Find out what it takes to make a name for yourself and build a solid client base as our guests discuss strategy, tips, and tricks for promoting your work and yourself in the vast world of social media.
It’s Written … Now What?
Many writers feel driven to finish a short story or their first magnum opus. But, once done with their work, what do they do next? Listen and learn from authors about the steps to take to submit your work, the various options available to writers in today’s market, and what to do or not do!
WRITING – Tips, Tricks, and the Cold, Hard Truth
So you want to be a writer? Then hear from established authors, editors, and publishers about do’s and don’ts, cant’s and wont’s of writing. Listen as they discuss time management, how to start and finish a work, and watch as they pull back the curtain on the truth about writing. Ready to write your best seller and retire? In it for the act of writing or the money you think you’ll make off of it? Hear the good, the bad, and the downright weird about a career as a writer in this panel!
The Baen Traveling Road Show
Come join Toni Weisskopf and other Baen authors and editors as they tell us what’s new at Baen Book. There will be fun and prizes!
The Role of the Villain:  A Good Bad Guy
The villain of a story is the bad guy, right? Does that mean we are supposed to dislike him. Perhaps the characters are, but what about the players? This is particularly true of well-intended villains and the sympathetic ones. Remember, no one spends tons of energy on what they know is wrong. They truly believe in what they do. Sometimes dealing with the villain is what makes the story so much fun or at least memorable… It’s all about the villains.
Characterization and the Art of Social World Building
Our panelists discuss creating richly believable societies in fantasy and science fiction settings.
Why Do We Create Horror Stories?
What drives us to embrace the things that scare us?
What Does an Editor Do?  The Basics
Our panel of highly experienced editors detail the basic elements of an editors job.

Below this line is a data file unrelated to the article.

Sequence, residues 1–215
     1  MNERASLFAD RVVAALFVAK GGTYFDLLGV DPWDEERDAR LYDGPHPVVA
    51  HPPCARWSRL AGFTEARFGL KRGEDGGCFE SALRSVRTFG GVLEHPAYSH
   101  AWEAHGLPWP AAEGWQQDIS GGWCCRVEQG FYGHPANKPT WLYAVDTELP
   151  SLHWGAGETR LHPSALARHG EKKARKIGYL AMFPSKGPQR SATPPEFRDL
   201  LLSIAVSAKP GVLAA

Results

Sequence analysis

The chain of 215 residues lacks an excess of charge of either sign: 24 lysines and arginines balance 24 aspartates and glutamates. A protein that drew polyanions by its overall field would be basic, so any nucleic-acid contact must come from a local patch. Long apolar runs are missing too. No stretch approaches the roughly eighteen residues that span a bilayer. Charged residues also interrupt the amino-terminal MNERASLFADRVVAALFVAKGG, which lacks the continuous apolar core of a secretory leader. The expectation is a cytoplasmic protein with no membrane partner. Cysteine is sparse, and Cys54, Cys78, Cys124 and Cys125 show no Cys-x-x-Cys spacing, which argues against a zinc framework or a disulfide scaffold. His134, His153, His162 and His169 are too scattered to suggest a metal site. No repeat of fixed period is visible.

Fact – Fiction Friction:  When Reality and Fiction Collide
Current events, both the typical and the tragic, have always been reflected in fiction. But what happens when the events are all too current and suddenly a story once told to entertain now has the impact of being horribly real for readers? Listen as today’s best authors discuss the best ways to deal with issues concerning Fact meeting Fiction as well as the question of just how much should fact ever influence Genre Fiction.
Born to be Bad – Creating a Good Villain
What makes a good villain? Why are the bad guys so much more interesting? Are they truly evil, or just misunderstood? A discussion of how to create a great villain for your stories.
How Hard Can Building a World Be Anyways?
There’s a lot of details that go into designing a world for characters to exist within. More elements than most realize. World builders have to consider all sorts of factors, history, and stuff to do it. Panels discuss the myriad of components, some more obvious than others, that are needed to build a believable, fictional world.
Building a Fantasy Novel from Start to Finish
One of the most popular genres in Fiction, Fantasy literally allows both readers and creators to travel to another world. Learn how to put together the fantasy novel you’ve always wanted from three perspectives- Writer, Artist, and Publisher. The Dos and Don’t’s of publishing Fantasy in Today’s market from Small Press Publisher Tommy Hancock, Artist Mitch Foust, and Writer Chris Jowers. Featuring the release of Jower’s LOSTBORN.
Geeks Who Brunch